Crisp, lush, and free of any age-related nicks, marks, or scratches, 'Victor Victoria' looks terrific on Blu-ray. Warner Archive's 1080p/AVC MPEG-4 transfer combines exceptional clarity and contrast with a pleasingly muted grain structure to produce a vibrant, film-like viewing experience. Primary hues look beautifully sumptuous, black levels are rich and inky, and whites are bright but never bloom. The film was entirely studio shot, and the enhanced detail levels call greater attention to the artificiality of "exteriors," but it's a small price to pay for such a well-composed image. Background elements are easy to discern, shadow delineation is good, and close-ups burst with fine details, accenting the loveliness of Andrews and brassiness of Lesley Anne Warren. No banding, noise, or other digital issues afflict the transfer, and any enhancements escape notice. Once again, Warner Archive has breathed new life into a catalogue classic, producing a high-quality rendering that will please fans and cinephiles alike.
The DTS-HD Master Audio 5.1 track supplies wonderfully full-bodied sound that exudes a lovely richness and depth of tone. Though surround activity is limited to the scoring, the lush strains of Henry Mancini's music fill the room with ease, while a wide dynamic scale effortlessly handles all its highs and lows. Andrews' peerless voice sounds full and pure, and the expertly mixed songs showcase it to perfection. Audio effects nicely punctuate the soundscape, and all the dialogue is clear, well-prioritized, and easy to comprehend. Best of all, no age-related defects, such as hiss, pops, or crackles, or any distortion intrude. Fans of musicals in general and Andrews in particular will be thrilled with this vibrant and nuanced track.
Only a few extras are included on the disc, all of which were ported over from the 2002 DVD release of the film.
Audio Commentary - Writer-director Blake Edwards and wife Julie Andrews sit down for an engaging commentary that's light on substance, but heavy on easygoing charm. Edwards talks about his decision to shoot the film on a soundstage in London instead of on location in Paris, the content of some deleted scenes, and how the movie makes the subject of homosexuality palatable for even staunch anti-gay audiences. Andrews discusses the difficulty of the role in general and playing a man in particular, and praises the talents of her husband and fellow cast members. Edwards also claims Robert Preston was his first choice for the role of Toddy, even though many reports claim Peter Sellers was set to play the part, but died before shooting commenced. Often, Andrews and Edwards get caught up watching the film, so their remarks are a bit sporadic, but it's always a treat to hear legends talk about their work, and Andrews and Edwards are two of the biggest in the business, which makes this commentary definitely worth a listen.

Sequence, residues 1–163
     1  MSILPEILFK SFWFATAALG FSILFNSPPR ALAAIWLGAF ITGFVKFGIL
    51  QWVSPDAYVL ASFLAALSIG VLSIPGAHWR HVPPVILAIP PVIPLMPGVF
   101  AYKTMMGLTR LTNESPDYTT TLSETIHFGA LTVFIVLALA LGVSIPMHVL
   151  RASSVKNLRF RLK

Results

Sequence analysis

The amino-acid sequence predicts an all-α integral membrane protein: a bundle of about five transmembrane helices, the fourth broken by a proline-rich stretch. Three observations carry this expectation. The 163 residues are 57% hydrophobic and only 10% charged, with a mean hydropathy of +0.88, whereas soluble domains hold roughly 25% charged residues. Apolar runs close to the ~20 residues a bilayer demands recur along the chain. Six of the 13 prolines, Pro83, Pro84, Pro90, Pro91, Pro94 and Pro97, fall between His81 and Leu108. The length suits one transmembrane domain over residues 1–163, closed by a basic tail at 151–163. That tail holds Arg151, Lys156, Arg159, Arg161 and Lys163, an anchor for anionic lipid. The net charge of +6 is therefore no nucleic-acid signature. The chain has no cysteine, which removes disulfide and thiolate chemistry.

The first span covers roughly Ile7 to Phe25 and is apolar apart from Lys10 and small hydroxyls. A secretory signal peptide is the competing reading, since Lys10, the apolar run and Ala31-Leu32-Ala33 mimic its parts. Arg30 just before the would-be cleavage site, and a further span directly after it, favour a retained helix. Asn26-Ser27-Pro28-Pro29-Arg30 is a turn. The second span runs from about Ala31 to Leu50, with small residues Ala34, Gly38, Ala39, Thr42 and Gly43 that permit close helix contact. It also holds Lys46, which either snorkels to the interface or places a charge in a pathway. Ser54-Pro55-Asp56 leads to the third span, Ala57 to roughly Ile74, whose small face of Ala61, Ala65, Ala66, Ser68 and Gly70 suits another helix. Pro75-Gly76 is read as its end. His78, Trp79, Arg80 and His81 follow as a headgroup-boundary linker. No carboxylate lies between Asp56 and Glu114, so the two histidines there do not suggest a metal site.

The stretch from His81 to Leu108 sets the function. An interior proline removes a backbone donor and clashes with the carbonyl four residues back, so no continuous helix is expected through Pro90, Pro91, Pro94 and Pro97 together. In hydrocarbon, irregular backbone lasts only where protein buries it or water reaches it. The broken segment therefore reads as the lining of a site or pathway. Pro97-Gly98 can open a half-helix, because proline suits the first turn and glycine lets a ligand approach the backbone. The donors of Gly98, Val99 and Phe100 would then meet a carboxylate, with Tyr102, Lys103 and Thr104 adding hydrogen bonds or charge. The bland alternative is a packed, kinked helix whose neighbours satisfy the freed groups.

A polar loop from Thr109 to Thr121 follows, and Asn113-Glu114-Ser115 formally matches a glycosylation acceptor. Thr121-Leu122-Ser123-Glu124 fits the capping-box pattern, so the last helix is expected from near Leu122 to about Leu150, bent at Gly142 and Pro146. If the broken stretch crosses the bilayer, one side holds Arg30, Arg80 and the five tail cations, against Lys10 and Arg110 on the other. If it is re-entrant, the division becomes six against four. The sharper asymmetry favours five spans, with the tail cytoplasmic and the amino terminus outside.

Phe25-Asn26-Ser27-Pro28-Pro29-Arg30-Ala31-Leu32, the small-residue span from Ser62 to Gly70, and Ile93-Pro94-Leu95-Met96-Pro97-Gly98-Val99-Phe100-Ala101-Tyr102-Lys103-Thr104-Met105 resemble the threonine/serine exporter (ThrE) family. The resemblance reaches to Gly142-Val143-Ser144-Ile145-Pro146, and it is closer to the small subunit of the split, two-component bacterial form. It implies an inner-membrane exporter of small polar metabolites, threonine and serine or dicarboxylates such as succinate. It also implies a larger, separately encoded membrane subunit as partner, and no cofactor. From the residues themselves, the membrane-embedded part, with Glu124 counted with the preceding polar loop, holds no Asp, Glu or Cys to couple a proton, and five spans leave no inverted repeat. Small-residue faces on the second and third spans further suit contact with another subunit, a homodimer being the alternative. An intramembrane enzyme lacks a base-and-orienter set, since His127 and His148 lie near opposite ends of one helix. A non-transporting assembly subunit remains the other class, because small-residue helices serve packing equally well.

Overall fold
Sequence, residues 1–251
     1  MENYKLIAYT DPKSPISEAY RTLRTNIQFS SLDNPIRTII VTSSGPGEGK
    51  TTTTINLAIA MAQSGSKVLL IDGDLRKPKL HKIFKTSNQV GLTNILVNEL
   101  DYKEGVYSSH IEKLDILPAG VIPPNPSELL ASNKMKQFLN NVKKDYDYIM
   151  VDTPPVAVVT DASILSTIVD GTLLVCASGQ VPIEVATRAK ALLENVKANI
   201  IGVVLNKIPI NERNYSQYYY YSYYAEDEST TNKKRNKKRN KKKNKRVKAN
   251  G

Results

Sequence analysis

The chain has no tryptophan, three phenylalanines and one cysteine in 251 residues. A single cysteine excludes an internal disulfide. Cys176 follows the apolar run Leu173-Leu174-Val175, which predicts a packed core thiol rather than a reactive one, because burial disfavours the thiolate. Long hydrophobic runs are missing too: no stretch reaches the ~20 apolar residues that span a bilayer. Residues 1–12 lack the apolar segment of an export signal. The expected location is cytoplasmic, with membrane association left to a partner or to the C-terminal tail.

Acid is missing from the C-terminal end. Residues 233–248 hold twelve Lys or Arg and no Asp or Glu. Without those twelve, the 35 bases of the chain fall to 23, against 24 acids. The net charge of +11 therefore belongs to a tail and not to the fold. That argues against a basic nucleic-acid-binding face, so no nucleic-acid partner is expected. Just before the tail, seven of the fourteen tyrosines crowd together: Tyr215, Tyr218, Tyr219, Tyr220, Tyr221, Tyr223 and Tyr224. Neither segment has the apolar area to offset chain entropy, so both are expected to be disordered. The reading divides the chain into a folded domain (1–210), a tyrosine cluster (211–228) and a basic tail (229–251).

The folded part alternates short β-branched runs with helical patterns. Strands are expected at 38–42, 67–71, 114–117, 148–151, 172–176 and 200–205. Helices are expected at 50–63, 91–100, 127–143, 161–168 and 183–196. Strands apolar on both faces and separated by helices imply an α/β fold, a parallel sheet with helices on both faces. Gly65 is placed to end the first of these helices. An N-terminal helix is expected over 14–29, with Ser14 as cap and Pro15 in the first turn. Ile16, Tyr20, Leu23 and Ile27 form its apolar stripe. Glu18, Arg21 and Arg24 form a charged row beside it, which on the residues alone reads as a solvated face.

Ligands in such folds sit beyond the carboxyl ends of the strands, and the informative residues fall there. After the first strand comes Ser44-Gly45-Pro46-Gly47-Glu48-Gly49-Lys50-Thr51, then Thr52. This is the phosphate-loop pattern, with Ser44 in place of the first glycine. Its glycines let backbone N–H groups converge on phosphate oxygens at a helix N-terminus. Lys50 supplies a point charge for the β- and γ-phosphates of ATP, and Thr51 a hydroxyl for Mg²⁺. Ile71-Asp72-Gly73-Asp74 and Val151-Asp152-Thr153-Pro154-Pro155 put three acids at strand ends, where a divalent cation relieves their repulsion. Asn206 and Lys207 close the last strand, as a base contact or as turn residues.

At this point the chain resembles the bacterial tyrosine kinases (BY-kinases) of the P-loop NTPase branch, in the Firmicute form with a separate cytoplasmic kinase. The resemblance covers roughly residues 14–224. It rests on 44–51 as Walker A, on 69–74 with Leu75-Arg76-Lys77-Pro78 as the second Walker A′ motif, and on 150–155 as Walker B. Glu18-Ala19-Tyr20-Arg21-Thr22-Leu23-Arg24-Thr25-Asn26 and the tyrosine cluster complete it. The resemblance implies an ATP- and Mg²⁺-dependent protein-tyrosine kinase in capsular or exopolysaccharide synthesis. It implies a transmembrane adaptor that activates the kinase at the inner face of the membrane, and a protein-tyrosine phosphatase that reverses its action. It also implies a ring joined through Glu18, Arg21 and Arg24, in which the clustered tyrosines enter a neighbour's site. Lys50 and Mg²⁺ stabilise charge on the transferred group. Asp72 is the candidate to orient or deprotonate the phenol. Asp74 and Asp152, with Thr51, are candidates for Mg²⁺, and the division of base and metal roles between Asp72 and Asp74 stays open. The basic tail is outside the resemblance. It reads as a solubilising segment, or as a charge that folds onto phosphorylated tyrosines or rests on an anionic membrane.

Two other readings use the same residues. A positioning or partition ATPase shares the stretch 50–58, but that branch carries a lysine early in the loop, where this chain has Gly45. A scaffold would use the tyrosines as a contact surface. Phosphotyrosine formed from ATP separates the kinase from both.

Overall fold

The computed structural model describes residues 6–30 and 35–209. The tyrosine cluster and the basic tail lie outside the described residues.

DVD Easter Egg (SD, 1 minute) - This brief clip, titled "Blake on Julie," is drawn from an interview with Edwards in which he discusses his famous wife and some concerns she had about the film.
Theatrical Trailer (HD, 2 minutes) - Quicks cuts, slapstick, romance, and colorful graphics are showcased in this overly stimulating preview set to Andrews' exhilarating rendition of 'Le Jazz Hot.'
One of the better gender-bending comedies that also employs a solid musical backdrop, 'Victor Victoria' can't compare to 'Some Like It Hot' or 'Tootsie,' but it remains a clever, cogent, and entertaining romp fueled by the multi-talented Julie Andrews. Directed with panache by Blake Edwards, and peppered with a few of his trademark slapstick gags, this topsy-turvy tale of a woman pretending to be a man pretending to be a woman tempers its madcap humor with insightful bits of substance that perhaps resonate more today than they did almost 35 years ago. Warner Archive's Blu-ray presentation skimps on supplements, but features lusciously upgraded video and excellent lossless audio, both of which heighten the film's impact and enhance the viewing experience. Recommended.